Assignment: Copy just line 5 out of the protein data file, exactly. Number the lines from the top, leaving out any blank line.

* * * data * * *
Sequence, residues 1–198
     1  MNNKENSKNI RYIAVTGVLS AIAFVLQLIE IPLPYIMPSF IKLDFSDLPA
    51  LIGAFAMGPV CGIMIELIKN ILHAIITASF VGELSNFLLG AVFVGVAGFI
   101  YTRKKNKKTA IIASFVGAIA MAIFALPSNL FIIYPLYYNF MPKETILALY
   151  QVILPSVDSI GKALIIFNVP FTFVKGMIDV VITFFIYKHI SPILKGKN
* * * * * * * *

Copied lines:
   151  QVILPSVDSI GKALIIFNVP FTFVKGMIDV VITFFIYKHI SPILKGKN